REGIO II. Our visit follows towards the east of the CŠlius. Here is the House of the Valerii ( Domus Valeriorum ), great family of sabian origin ; it was spread on a vast area on the CŠlius along the Aqua Claudia, with large gardens on the slope. The history of the Valerii started in 509 BC with Publius Valerius Poplicola who took part in the fall of the Tarquins and became second consul of the Roman Republic. Some other great domus belonged to the members of this family as that of Valerius Potitus in the sub-aventine plain.

The visitor, after he had passed the splendid terraced gardens of the Valerii palace, discovered in a long perspective a line of gardens, the gardens of Domitia Lucilla, Marcus Aurelius’ mother. Marcus Aurelius was born on the CŠlius and it seems that, after he was ordered to move to Hadrian’s palace, he left reluctanly his mother’s gardens.

In the centre of the picture, the Vicus Drusianus which joins the Via Appia much further below. Here is now the great domus of Constantine’s wife Fausta Flavia Maxima, the , House of Fausta who was assassinated by the emperor for some obscure reasons, which still today remain unexplained. It was a vast mansion in the shade of the Aurelian Wall. Large side wings, a very airy inside court and great gardens formed a harmonious estate.

The house of L. Calpernius Piso
( consul in 57). Famous family of the Gens Calpurnia. Ordinary consul with Nero in 57. Named curator aquarum (inspector of aqueducts) from 60 to 63, he might have been assassinated in 70 by a supporter of Vespasian. The splendid gardens of the mansion were spreading downwards towards the Aurelian Wall.

We are now facing a true palace, the palace of Laterani. This huge estate was offered to the Pope by Constantine for him to make his private residence. Today the church of St John of Latran is standing close to where the palace was, where you can see the Castra nova Equitum Singularium, on the top of the picture. This old property had already been confiscated by Nero, until Constantine gave it to the Church. The palace burnt in 1308 .

Close to the Laterani palace, in a hollow of the ground, the emperor Macrinus had his house built (a), the House of Macrinus, fairly modest if compared to those we saw above. At last, on the promontory formed by the CŠlius and the valley of the Decennium, a vast park named the Meadow of Laterani (b). We now pass the Laterani’s Meadow and follow our way on the CŠlius to see an important street, the Via Tusculana .

The Via Tusculana leaves behind the valley of the Decennium down right on the picture, and climbs on the East CŠlius. We first go through the Aurelian Wall by the Posterula, small gate allowing the way through. Just after the Wall, our attention is drawn by the compound of buildings forming the Castra Nova Equitum Singularium, in the centre of the picture. It is a fort which was used by the emperor’s cavalry guard, and was built under Septimius Severus. Having been built after the Castra Priora it was known as Castra Nova(new camp). On the top of the picture, next to the Aqua Claudia, the Campus CŠlimontanus (vast opened space), probably to honour Aulus Verginius Tricostus CŠlimontanus, consul during the Republic. At last, close to the Campus, the (a) House of L. Annius Verus , Marcus Aurelius’ grandfather.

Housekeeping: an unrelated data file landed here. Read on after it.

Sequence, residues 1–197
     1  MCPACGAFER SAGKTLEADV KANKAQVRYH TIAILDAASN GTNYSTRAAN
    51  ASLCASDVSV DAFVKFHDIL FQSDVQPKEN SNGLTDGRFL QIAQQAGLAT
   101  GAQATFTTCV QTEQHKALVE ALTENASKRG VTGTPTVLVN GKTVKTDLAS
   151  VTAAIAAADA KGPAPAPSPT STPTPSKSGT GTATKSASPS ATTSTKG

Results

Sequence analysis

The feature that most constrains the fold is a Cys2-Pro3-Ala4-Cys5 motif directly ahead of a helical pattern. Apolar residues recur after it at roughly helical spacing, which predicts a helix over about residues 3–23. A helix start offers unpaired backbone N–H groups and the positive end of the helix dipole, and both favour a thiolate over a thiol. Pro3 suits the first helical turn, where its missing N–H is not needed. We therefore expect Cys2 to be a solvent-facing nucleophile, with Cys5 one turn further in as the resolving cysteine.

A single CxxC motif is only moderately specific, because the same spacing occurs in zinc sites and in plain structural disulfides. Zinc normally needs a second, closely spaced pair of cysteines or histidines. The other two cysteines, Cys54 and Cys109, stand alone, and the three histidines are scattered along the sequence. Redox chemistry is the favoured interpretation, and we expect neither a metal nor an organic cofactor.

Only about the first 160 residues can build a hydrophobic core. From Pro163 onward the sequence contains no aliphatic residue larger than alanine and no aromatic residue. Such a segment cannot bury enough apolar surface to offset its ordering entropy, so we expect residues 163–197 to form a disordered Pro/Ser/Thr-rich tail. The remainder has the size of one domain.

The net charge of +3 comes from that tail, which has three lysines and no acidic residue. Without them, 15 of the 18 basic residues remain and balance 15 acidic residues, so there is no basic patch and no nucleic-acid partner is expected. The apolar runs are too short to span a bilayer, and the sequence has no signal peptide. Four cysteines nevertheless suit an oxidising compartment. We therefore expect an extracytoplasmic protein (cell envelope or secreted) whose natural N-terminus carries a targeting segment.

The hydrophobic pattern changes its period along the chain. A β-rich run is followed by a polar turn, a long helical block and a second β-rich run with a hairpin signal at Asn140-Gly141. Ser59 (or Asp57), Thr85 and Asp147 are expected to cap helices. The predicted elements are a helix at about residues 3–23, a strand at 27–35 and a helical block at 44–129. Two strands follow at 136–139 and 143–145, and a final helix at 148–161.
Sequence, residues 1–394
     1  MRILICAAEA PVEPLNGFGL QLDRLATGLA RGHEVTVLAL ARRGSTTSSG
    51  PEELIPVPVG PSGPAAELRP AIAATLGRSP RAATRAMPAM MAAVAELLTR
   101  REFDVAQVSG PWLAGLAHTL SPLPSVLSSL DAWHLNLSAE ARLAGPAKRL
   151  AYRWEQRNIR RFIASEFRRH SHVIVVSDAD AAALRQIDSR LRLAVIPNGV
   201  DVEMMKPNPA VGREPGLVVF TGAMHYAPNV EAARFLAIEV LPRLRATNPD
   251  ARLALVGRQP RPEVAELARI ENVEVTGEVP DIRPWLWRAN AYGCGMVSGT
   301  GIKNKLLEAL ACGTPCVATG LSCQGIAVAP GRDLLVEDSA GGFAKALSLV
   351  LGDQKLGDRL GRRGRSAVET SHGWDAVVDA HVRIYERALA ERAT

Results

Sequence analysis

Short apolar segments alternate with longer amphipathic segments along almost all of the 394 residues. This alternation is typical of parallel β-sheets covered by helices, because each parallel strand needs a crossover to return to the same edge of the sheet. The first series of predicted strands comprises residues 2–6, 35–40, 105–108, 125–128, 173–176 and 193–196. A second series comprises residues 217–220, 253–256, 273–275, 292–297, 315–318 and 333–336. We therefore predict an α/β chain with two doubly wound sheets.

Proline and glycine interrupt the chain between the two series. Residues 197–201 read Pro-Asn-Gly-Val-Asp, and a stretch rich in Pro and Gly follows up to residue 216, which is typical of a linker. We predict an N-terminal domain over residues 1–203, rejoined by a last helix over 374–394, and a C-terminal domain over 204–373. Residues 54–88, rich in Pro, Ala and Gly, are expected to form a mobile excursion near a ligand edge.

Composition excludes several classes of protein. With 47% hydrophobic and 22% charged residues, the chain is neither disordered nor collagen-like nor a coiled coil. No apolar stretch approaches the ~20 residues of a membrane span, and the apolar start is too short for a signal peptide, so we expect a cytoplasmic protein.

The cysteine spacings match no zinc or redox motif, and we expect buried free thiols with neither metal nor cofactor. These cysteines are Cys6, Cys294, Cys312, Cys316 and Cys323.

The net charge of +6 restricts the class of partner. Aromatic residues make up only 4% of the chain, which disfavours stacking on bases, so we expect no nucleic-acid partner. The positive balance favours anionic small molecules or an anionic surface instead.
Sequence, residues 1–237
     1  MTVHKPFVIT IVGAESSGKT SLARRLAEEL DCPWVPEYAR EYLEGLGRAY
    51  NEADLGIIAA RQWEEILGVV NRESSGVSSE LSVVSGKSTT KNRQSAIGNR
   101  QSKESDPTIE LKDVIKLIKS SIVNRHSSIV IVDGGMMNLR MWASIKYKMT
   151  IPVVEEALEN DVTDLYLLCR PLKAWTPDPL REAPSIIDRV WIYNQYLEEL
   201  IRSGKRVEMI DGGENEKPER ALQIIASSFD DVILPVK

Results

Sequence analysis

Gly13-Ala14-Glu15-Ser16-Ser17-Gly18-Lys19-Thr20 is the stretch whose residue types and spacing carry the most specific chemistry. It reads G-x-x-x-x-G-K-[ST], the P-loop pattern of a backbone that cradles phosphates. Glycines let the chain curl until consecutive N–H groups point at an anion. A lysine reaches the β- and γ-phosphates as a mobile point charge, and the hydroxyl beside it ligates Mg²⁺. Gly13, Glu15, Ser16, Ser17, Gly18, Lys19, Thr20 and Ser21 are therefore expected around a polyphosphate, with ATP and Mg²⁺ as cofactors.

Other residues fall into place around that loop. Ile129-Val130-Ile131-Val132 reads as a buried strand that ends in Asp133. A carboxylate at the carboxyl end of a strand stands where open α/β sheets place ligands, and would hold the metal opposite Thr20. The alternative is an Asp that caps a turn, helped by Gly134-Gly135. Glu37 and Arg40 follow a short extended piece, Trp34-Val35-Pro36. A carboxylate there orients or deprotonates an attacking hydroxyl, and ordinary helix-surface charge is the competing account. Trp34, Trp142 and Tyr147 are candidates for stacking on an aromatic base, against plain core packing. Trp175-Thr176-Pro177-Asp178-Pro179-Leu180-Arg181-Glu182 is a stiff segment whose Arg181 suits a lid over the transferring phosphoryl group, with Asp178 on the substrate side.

Built under the Severi, The baths of Latran , ( Thermae Lateranenses ). These fairly imposing baths were built on both sides of the Via Tusculana Via Tusculana.

Let’s cross the Aqua Claudia. Here, in the centre of the picture, stood the Castra Priora Equitum Singularium This camp might have been built by Trajan, when he created the Equites Singularesguard. At the difference to the Castra Nova Equitum Singularium, it had the traditional rectangular form, like the barracks of the security guards (Vigiles). At the bottom left, the Campus Martialis which was used for the Esquiria, kind of equine games that took normally place on the Campus Martius, but could be moved to the Campus Martialis when the Campus Martius was flooded.

A temple of Hercules Victor (a) the fašade of which opens towards the Aqua Claudia. There were not only temples erected almost everywhere in Rome, prostitution was also flourishing and numerous buildings were devoted to this activity. Here only a few steps away from Hercules temple the great brothel of the CŠlius (b) that were dealing as well as offices for the tax management of prostitutes.

Bottom right, the Aqua Claudia going through the east CŠlius. Between the great aqueduct and the slope of the Esquiline appear two large buildings, the Tetricus’ House (a) and the Vectilian’s house and gardens (b). Vectilian’s palace was mainly used to quarter the emperor’s guard.

In the middle of the picture, the l'Inter Duos Lucos. It is a rarely mentioned street in Roman History, but could have been close to the location of Tetricus’ house. Top, the Via Merulana that climbs on the Esquiline. At last, the myth of Helen of Troy found a place in Rome as a Tomb of Helen might have been dedicated to her (a) on the via Merulana.